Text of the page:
Should states foot the bill for training potential employees for private corporations? An article in today’s New York Times raises this question. The article looks at the example of a North Carolina state program to pay for the training of workers for a Caterpillar factory, but it cites similar programs in Louisiana and Wisconsin. The arguments in favor of these types of tax-payer funded job-specific vocational education are that they draw employers to regions that badly need economic activity and help job-seekers obtain work. These are reasonable points and I think they deserve serious consideration. Still, I’m leery of this kind of public subsidization.
Government funding for training employees, whether it takes place at the state or federal level, entails underwriting private entrepreneurial efforts. When a business sets up a factory, it takes a number of risks, one of which is that it will be able to find or prepare the right kinds of labor for its tasks. Providing the cushion of a training subsidy socializes this risk, while privatizing profits, in somewhat the same fashion that bail-outs secure businesses against the risk of failure. Money from government, whether state or federal, also tends not to go to small entrepreneurs or mom-and-pop businesses. The big firms, like Caterpillar, not only have the potential to bring in lots of jobs, they also have the pull to convince public officials to invest in training. Since these officials can’t fund everything, they have to choose among firms, naturally inclining toward the ones that have the greatest influence. Public training for private business, then, lends itself to crony capitalism while giving lip service to private enterprise.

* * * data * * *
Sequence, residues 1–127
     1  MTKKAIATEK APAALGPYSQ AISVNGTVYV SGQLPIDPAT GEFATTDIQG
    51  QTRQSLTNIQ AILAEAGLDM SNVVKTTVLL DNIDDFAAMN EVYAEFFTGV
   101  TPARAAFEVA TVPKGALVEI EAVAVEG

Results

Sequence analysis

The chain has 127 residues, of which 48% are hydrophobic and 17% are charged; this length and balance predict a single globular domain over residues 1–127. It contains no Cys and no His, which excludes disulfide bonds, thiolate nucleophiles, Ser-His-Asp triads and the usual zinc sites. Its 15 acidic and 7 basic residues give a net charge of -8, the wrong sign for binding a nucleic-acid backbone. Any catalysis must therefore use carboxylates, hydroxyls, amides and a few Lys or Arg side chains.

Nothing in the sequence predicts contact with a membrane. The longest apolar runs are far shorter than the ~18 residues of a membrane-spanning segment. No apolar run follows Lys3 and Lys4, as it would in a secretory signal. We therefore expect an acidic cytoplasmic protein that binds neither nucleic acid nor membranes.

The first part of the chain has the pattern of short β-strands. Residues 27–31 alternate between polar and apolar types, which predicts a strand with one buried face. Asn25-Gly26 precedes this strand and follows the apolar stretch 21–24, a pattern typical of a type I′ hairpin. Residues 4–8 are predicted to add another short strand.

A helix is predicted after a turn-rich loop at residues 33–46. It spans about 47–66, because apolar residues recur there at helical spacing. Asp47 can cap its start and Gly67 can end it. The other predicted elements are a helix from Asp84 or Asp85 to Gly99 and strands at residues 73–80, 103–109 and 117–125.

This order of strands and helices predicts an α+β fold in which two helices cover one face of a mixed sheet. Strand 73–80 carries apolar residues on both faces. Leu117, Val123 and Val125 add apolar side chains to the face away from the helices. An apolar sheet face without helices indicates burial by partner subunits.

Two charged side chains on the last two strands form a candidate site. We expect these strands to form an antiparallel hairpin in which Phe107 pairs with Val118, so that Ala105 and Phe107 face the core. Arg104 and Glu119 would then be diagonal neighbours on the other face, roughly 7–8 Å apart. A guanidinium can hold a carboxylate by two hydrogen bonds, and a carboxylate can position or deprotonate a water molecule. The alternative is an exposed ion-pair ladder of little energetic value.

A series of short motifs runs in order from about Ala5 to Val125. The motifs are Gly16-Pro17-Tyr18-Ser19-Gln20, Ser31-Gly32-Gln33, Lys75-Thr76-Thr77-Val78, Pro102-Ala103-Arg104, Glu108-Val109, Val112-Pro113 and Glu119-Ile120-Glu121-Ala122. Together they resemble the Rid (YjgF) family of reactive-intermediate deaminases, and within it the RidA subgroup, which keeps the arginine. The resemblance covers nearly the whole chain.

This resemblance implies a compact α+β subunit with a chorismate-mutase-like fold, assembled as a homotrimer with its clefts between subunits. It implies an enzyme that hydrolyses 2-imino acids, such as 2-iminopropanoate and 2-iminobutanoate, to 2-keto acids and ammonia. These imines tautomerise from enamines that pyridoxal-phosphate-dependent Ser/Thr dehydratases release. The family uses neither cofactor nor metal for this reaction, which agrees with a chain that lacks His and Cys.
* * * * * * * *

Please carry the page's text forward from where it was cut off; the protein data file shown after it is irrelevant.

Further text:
All public funds, of course, come from taxation and greater taxation depends on and promotes an active public sector. The subsidization of large-scale business, whether through training programs or bailouts, results in a corresponding growth of large-scale government. It also makes the distinction between public and private increasingly unclear, bringing them together as gears in a single machine of social efficiency. What is done at the level of the state can also be done at the federal level, as this type of cooperative arrangement achieves popular acceptance. Is it unrealistic to see public-private partnerships like this as steps toward the “Great Trust” envisioned in Edward Bellamy’s Looking Backward? I think we should think carefully about where public-private collaborations will lead, as well as assess their value as responses to current economic problems.